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Arthur & Sonia Labatt Brain Tumour Research Centre

Non-gliomas

Craniopharyngioma image

Craniopharyngioma

Craniopharyngioma occur in the region of the optic nerves and the hypothalamus, a structure near the pituitary gland. Like chordomas, they develop from cells left over from early fetal development. They produce problems with vision and hormonal problems, slowing the child's growth and causing poor regulation of water balance. While only a decade ago it was considered inoperable and rarely curable by surgery, it can now be removed with minimal or no brain damage in many cases because of the precision afforded by the surgical microscope and microsurgical techniques. Occasionally, if this tumour continues to grow and cannot be removed surgically, radiation therapy is also necessary.

Medulloblastoma image

Medulloblastoma

Medulloblastomas are the most common primitive neuroectodermal tumour (PNET), representing more than 25% of all childhood brain tumours. Medulloblastoma most often arises in the cerebellum, located in the lower back part of the brain and causes symptoms that include headache, nausea, vomiting and problems with muscle coordination (ataxia). Unlike other primary brain tumours, medulloblastomas has a tendency to spread throughout the nervous system if it remains untreated. 

In unusual cases, medulloblastomas may spread outside the nervous system, to the lymph nodes, bone marrow, lungs or other parts of the body. In many cases, they are treated with surgery and radiation therapy alone. They are fast growing tumours but because they are very sensitive to radiation therapy and chemotherapy they can often be treated effectively.

Ependymoma image

Ependymoma

These tumours arise from the cells lining the ventricles (hollow channels) of the brain (most commonly the fourth ventricle). As these tumours grow and fill the ventricle, they obstruct the flow of cerebrospinal fluid (CSF) through the brain. These tumours appear more commonly among younger children. Symptoms of this tumour include headache, nausea, vomiting, balance problems and visual disturbances. Hydrocephalus, caused by the blocking of the flow of cerebrospinal fluid, may make shunting necessary. Total surgical removal is not always possible, and treatment often involves radiation therapy and/or chemotherapy.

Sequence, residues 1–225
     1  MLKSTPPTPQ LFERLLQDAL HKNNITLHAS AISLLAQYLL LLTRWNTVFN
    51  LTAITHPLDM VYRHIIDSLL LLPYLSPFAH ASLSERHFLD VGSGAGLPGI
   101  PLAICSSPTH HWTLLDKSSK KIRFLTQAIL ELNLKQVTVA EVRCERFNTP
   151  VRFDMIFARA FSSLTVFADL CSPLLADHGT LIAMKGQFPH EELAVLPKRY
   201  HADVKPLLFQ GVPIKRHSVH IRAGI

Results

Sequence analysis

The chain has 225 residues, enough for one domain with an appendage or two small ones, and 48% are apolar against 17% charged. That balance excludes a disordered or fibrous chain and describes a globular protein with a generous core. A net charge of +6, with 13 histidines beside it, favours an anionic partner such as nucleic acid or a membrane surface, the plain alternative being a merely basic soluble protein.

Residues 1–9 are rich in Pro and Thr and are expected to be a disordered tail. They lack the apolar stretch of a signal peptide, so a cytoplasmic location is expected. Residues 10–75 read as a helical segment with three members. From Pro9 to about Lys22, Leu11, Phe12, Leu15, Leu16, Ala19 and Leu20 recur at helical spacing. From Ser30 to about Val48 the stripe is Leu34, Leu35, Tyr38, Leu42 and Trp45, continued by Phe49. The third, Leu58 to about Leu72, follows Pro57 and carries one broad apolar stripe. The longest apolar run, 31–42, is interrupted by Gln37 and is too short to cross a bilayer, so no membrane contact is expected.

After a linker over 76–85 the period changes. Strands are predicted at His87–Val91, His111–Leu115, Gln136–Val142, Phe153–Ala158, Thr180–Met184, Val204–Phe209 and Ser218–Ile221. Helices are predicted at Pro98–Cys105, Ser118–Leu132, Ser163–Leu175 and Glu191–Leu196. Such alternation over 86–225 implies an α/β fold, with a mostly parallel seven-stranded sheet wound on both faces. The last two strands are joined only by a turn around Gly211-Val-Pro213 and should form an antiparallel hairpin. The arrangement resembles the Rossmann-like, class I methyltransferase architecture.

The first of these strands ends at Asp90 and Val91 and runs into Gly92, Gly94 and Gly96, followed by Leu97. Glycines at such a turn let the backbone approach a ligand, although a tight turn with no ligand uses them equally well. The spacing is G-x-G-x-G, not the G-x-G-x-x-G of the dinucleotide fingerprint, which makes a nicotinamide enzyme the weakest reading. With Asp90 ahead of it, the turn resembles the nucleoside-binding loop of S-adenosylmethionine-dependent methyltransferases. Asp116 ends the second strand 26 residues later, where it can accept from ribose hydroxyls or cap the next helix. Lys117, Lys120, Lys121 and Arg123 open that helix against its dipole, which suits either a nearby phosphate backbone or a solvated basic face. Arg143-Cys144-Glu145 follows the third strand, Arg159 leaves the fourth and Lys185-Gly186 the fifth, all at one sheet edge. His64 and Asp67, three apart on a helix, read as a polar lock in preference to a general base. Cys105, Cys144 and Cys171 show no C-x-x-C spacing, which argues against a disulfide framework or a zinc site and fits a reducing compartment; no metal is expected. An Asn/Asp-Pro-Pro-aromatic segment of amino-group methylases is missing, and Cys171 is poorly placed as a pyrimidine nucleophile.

Pineal tumour image

Pineal Tumours

These tumours arise in the region of the pineal gland, a small structure deep within the brain. They account for about 3% to 8% of the intracranial tumours that occur in children. At least 17 different types of tumours may occur in this area, many of which are benign. The three most common types of pineal region tumours are gliomas, germ cell tumours and pineal cell tumours. Surgery is absolutely necessary to obtain a sample of tumour tissue so the pathologist can confirm a precise histological diagnosis, which is essential in planning the appropriate therapy. Benign pineal tumours can be removed surgically. The germinoma, the most common malignant tumour in this area, can be cured in more than 90% of patients. Other malignant germ cell tumours occurring in this region are treated with chemotherapy followed by radiation therapy. Over the past 5 years, the prognosis for children with pineal tumours has improved dramatically.

Pituitary Adenoma image

Pituitary Adenoma Pituitary Adenoma

The pituitary gland is a small oval structure located at the base of the brain in the centre of the head, behind the eyes and optic nerve. It is about the size of a pea but is very important because it secretes several chemical messengers known as hormones, which help control the body's other glands and regulate growth, metabolism, maturation and other essential body processes. A tiny tumour located just next to the gland, pituitary adenomas account for about 10% of brain tumours.

Doctors classify pituitary tumours into two groups secreting and non-secreting. Secreting tumours release unusually high levels of pituitary hormones, triggering a constellation of symptoms. They are usually much smaller than the gland when they begin to cause symptoms and the symptoms depend on the tumour's size and the kind of hormone the tumour secretes.

Prolactin secreting adenomas affect sexual characteristics and cause impotence in men. Adenomas secreting growth hormone cause acromegaly (abnormal body growth, enlarged facial features, hands and feet) and gigantism (excessive size and stature). The less common adrenocorticotropic hormone secreting adenoma causes Cushing's disease. Some adenomas secrete a combination of these or other hormones and some secrete none.

Almost all adenomas are benign, but their slow expansion compresses normal structures that surround it, suppressing normal pituitary function and sometimes causing headaches or problems with vision. Pituitary adenomas rarely metastasize or spread to other areas of the body. They are removed in an operation using microsurgical techniques, a very successful form of treatment for the majority of patients.

Primitive Neuroectodermal tumours

Primitive Neuroectodermal tumours (PNETs) are thought to spring from primitive cells left over from early development of the nervous system. PNETs are usually very malignant, growing rapidly and spreading easily within the brain and spinal cord. In rare cases, they cause cancer outside the central nervous system. Medulloblastomas are the most common PNET. Other more rare PNETs include neuroblastomas, pineoblastomas, medulloepitheliomas, ependymoblastomas and polar spongioblastomas. Because their malignant cells often spread in a scattered, patchy pattern, PNETs are difficult to remove totally through surgery. Doctors usually remove as much tumour as possible with surgery then prescribe high doses of radiation and, in some cases, chemotherapy.